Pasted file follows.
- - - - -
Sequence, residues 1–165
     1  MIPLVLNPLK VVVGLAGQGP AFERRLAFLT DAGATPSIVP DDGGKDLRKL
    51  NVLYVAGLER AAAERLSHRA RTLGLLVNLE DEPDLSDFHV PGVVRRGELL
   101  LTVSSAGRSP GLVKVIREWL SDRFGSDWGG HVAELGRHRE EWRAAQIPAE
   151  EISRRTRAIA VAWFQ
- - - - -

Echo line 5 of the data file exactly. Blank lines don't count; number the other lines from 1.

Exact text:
   151  EISRRTRAIA VAWFQ